deutschen Bauern am Schwarzen Meer
By John (Johannes) Philipps
Published in German language only by the Germans from Russia Heritage
Collection, North Dakota State University Libraries, Fargo, ND,
1994, softcover, 122 pages, German Langauge
The author writes: "My life does not differ from that of thousands
of my countrymen who lived in this era. My experiences are closely
tied to the village and to the farmers" ... "I have attempted to
give a good representation to the culture of German farmers in the
steppes of Southern Ukraine..." He succeeded in this. German farming
practices and German life on such a farm estate (chutor) in South
Russia, especially the areas of Odessa and Nikolajev with his memories
are the topics for this book.
First, the author gives an historical overview and then describes
the beginning of the Speyer colony (1917-1941); with unique emphasis,
he does not omit aspects of economic and the political development.
He covers the good and the bad times. Later he describes in great
detail: agriculture and its methods, machinery and equipment, customs,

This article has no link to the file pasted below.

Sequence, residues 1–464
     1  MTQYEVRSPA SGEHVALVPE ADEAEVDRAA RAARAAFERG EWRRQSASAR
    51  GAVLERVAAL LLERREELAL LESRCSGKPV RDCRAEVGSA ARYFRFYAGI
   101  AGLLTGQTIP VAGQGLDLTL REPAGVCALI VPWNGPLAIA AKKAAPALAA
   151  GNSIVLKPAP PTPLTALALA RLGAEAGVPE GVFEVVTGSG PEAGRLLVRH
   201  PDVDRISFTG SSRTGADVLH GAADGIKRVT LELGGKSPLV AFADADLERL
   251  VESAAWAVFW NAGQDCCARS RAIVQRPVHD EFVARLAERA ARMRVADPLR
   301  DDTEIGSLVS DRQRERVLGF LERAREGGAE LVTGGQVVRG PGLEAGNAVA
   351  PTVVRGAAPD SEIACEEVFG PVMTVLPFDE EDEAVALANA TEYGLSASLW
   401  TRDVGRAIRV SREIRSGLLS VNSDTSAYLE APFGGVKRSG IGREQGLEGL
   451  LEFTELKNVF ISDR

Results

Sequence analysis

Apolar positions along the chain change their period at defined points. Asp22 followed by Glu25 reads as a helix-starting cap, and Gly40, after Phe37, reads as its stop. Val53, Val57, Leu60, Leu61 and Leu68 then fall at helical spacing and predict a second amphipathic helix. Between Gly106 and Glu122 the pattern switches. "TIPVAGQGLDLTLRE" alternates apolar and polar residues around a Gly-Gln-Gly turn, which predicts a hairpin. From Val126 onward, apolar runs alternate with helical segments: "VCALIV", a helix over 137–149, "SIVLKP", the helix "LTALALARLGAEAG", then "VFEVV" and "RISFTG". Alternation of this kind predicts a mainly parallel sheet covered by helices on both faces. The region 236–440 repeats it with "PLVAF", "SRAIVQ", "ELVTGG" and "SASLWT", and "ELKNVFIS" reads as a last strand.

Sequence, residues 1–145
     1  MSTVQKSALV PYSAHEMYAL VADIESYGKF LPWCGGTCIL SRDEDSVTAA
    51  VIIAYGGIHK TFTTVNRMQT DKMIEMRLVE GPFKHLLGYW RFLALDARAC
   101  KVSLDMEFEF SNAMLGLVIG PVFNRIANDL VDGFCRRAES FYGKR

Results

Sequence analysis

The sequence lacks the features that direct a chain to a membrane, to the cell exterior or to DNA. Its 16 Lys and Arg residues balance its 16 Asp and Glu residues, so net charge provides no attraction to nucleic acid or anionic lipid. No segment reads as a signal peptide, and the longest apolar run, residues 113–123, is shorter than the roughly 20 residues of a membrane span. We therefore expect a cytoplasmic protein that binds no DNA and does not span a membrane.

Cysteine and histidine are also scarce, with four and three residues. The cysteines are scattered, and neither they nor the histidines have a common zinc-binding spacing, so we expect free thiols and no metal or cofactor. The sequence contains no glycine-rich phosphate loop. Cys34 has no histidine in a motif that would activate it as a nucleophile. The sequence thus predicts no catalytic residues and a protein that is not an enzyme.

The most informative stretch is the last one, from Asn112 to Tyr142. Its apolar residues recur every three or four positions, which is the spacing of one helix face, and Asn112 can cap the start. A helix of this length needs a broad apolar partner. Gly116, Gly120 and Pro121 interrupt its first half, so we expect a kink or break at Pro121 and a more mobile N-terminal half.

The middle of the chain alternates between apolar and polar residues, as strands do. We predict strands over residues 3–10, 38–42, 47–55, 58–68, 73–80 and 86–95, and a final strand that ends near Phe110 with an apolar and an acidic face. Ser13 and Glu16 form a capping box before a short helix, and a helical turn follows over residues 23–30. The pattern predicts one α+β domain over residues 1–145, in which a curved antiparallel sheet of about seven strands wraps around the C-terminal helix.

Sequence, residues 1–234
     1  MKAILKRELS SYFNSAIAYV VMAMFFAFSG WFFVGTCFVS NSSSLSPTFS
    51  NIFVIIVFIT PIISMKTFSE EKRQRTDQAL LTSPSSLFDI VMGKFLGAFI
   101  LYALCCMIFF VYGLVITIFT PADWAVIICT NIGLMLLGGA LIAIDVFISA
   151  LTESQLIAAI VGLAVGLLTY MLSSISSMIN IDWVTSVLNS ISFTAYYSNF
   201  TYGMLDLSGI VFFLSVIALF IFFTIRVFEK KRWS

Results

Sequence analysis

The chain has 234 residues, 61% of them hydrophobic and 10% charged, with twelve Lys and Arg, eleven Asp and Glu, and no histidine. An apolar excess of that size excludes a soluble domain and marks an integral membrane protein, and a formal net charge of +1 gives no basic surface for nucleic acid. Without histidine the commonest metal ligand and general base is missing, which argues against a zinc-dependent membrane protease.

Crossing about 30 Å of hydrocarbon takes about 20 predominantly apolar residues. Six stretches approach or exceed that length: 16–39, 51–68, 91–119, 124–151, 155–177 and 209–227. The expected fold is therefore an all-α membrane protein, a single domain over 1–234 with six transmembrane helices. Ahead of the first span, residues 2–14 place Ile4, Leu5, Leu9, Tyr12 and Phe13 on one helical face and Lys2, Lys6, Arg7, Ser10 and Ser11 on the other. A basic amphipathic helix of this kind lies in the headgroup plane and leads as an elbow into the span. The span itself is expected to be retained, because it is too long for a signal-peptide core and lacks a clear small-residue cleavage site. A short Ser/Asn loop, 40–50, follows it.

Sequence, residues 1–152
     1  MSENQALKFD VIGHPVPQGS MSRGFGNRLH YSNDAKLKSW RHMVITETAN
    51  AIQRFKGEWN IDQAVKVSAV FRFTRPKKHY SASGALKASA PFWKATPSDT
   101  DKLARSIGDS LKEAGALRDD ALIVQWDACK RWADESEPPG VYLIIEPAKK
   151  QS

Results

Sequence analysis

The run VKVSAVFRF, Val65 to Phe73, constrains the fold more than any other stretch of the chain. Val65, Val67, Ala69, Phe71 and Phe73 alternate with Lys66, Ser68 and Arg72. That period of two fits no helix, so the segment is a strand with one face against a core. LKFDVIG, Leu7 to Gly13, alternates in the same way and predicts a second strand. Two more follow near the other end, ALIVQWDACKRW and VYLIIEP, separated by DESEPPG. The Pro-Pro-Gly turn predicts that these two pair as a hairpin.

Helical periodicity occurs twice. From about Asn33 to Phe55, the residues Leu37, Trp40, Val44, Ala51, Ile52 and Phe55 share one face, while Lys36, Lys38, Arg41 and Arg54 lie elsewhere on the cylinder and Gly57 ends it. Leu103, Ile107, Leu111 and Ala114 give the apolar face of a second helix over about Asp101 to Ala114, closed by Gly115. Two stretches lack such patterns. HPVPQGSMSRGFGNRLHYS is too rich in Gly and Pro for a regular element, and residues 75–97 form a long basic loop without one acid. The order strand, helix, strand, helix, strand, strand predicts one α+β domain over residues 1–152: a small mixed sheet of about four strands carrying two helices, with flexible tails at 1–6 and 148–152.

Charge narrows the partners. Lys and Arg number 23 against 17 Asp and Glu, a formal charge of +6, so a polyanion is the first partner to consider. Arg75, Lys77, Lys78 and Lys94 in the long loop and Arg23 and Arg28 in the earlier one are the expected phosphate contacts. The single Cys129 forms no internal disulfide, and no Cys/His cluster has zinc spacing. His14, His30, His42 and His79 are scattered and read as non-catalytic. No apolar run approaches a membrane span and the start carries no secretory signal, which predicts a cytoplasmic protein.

climate and soil conditions, etc., as well as the agricultural development
in an historical context.
Philipps points to interesting aspects in the lives of these people
and makes them come alive through personal experiences and Russian
terminology so that the reader participates vicariously in an earlier
century and in the heritage of this prosperous South Russia. Life
in a family home with dumplings, marchorka (Tobacco), Kvas (a drink),
and homemade bread add tangible recognition through a strong work
ethic of the German Russian cuisine in this paradise region. Such
a heritage is to be share with the descendants of Speyer families.
About the author
As German Russian, John (Johannes) Philipps has experienced all
the sorrows of his countrymen. His youth was overshadowed by poverty
and hunger even though he came from a well-to-do farming family.
He experienced the deprivation of citizen rights and wrenching deportation
of his family, was captured by British troops and, finally, uprooted
and without a country, petitioned for emigration to the United States
of America. After he had conquered initial difficulties, he arrived
finally in New York, in 1952. He moved to California in 1955, where
he accepted U.S. citizenship and grateful to establish a new life
in North America. This book is based on his own personal knowledge
of history and on the authority of his own experiences which he
witnessed while earlier living in the former Soviet Union.
Die deutschen Bauern am Schwarzen Meer
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